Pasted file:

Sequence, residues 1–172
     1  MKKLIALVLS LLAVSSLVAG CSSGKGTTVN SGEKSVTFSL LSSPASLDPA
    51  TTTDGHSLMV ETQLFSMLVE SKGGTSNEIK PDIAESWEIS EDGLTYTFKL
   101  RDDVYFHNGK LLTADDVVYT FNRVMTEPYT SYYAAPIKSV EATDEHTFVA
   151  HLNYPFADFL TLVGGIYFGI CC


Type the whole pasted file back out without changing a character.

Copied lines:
Sequence, residues 1–172
     1  MKKLIALVLS LLAVSSLVAG CSSGKGTTVN SGEKSVTFSL LSSPASLDPA
    51  TTTDGHSLMV ETQLFSMLVE SKGGTSNEIK PDIAESWEIS EDGLTYTFKL
   101  RDDVYFHNGK LLTADDVVYT FNRVMTEPYT SYYAAPIKSV EATDEHTFVA
   151  HLNYPFADFL TLVGGIYFGI CC